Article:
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data2

How to model distortion of rubber surface due to gravity??

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Hi there, I have a grid laying on the xz-plane in 3d space and like to have a distortion like these used to visualize bending of (2d) space due to gravity (like in http://fusionanomaly.net/gravity.jpg, though the pic isn't very nice). Does anybody have an idea how to model this?? Which function is to be used to bend the grid / 2d surface? What are the parameters? It looks like a gaussian normal distribution or something. I'm not looking for a physically based method (which I doubt exists for such a crude simplification). I'll also need to compute the normals for the grid points to have a nice lighting of the bended suface :-). Thanks and greetings, Data

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I think the picture you linked is illustrating gravitational potential energy (if you ignore the space-bending relativity aspect). The function is then inversely proportional to the distance from the center squared, unless the distance is less than the radius of the sun, at which point it depends on the sun's density. If a uniform density is assumed, the function becomes proportional to distance, ie linear. With a black hole, the density is focused at the singularity and the thing stays inversely proportional to the distance squared the whole way, which appears in illustrations like this as a sort of hole because of the asymptote.

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Ehem, sounds cool. But do you have an equation? In fact, I don't really have objects with a mass or something. I'm only interested in this smooth bending effect. I'll have something like a radius of effect and a "distance" how far the central point is moved away orthogonal to the surface.

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A completely non-physically accurate method is to visualize the gravitating body as producing a central force field, a repulsion at that, inversely proportional with respect to distance between force center and test point. Imagine the vertices of the rubber sheet as being pushed directly away from the force center by an amount proportional to the body mass, and inversely proportional to the distance. Of course, this is a purely fictional 'force' only used to 'remap' space.

For example, assuming R is the position vector of the mass, M is the mass, r is the position vector of an undeformed sheet vertex, then:

r'=r+M*(r-R)/((|r-R|)*(|r-R|))

where r' is the deformed position of the vertex.

[Edited by - Mastaba on April 9, 2007 11:30:20 PM]

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@pingt Ok, but how do I get a translation of vertices from this?? Is it simply the vector between center of gravity C to my current point P that gets multipled by the factor iven by GM/r?? Like

P' = P + (P-C)*GM/(P-C)

@Mastaba I implemented your idea. It looks nice as long as the center of mass is somehow far enough away from the surface. If it get closer, the bending "explodes" somehow...

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Right, that explosive behavior is a result of simply modeling the central force field of a point mass. If you want to model the force field of an extended body, you have to modify it a bit once your test point is inside the body, or else constrain your model.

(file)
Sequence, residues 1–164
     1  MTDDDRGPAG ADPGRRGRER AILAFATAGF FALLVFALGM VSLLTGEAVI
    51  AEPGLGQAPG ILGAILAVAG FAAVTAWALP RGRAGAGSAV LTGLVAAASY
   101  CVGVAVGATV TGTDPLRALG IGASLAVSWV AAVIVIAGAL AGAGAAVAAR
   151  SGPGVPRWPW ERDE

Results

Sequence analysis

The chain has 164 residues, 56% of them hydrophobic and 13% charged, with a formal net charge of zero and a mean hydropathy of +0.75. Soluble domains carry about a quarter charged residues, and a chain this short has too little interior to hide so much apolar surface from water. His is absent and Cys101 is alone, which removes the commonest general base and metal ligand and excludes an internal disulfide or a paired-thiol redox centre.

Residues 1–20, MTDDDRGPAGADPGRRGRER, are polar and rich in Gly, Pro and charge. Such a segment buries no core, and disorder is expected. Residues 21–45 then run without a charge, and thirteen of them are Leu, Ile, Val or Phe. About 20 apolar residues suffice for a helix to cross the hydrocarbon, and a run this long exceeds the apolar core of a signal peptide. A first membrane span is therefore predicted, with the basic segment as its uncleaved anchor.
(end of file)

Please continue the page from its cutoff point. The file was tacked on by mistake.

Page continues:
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may I ask what you mean by "modify it a bit once your test point is inside the body"?? In which way modifying it? I'm sorry to ask such silly questions, but I don't know much about physics...

Or, to come back to pingt's approach, how are the vertices moved due to the gravity potential? If I'm right, the given equations give me a scalar. How do I get a displacement vector from that??

Cheers,
Data

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Gravity due to a spherical mass of constant density, is a central force field, so the force at any test point is directly away or towards the force center. Also again, the potential does not move the vertices of the rubber sheet. That is, if you took an über sized actual rubber sheet and put it near a star or planet, it would not simply deform in the manner you see in the picture. It would do something much more complex. The picture you see is representing in a highly artificial fashion how gravity bends a 2D spacelike cross section of spacetime, not how gravity would make actual matter deform. So if you are simply wanting to model a dimple in a rubber sheet, what you have been given is a good starting point. If you are trying to actually model general relativity's bending of spacetime then that's a far more complicated topic, and certainly overkill for any game.

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Quote:
Original post by data2
@pingt Ok, but how do I get a translation of vertices from this?? Is it simply the vector between center of gravity C to my current point P that gets multipled by the factor iven by GM/r?? Like

P' = P + (P-C)*GM/(P-C)


r here is your grid position in 2D undisturbed:
r=sqrt(x*x + y*y)

z of the grid is the potential:
z= -GM/r


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If you just want to use a normal curve instead, compute the distance of the point from the center of the dimple and compute the value of the normal curve at that point. The normal curve has nothing to do with the bending of space, but if all you're using it for is to make a dimple, it doesn't matter. You could also consider using the hyperbolic cosine function, which actually describes catenaries (the shape of a rope or chain hanging from two points), but I'm not sure how exactly that would apply to a sheet of rubber...you could also try physically modelling it with a mass-spring system.

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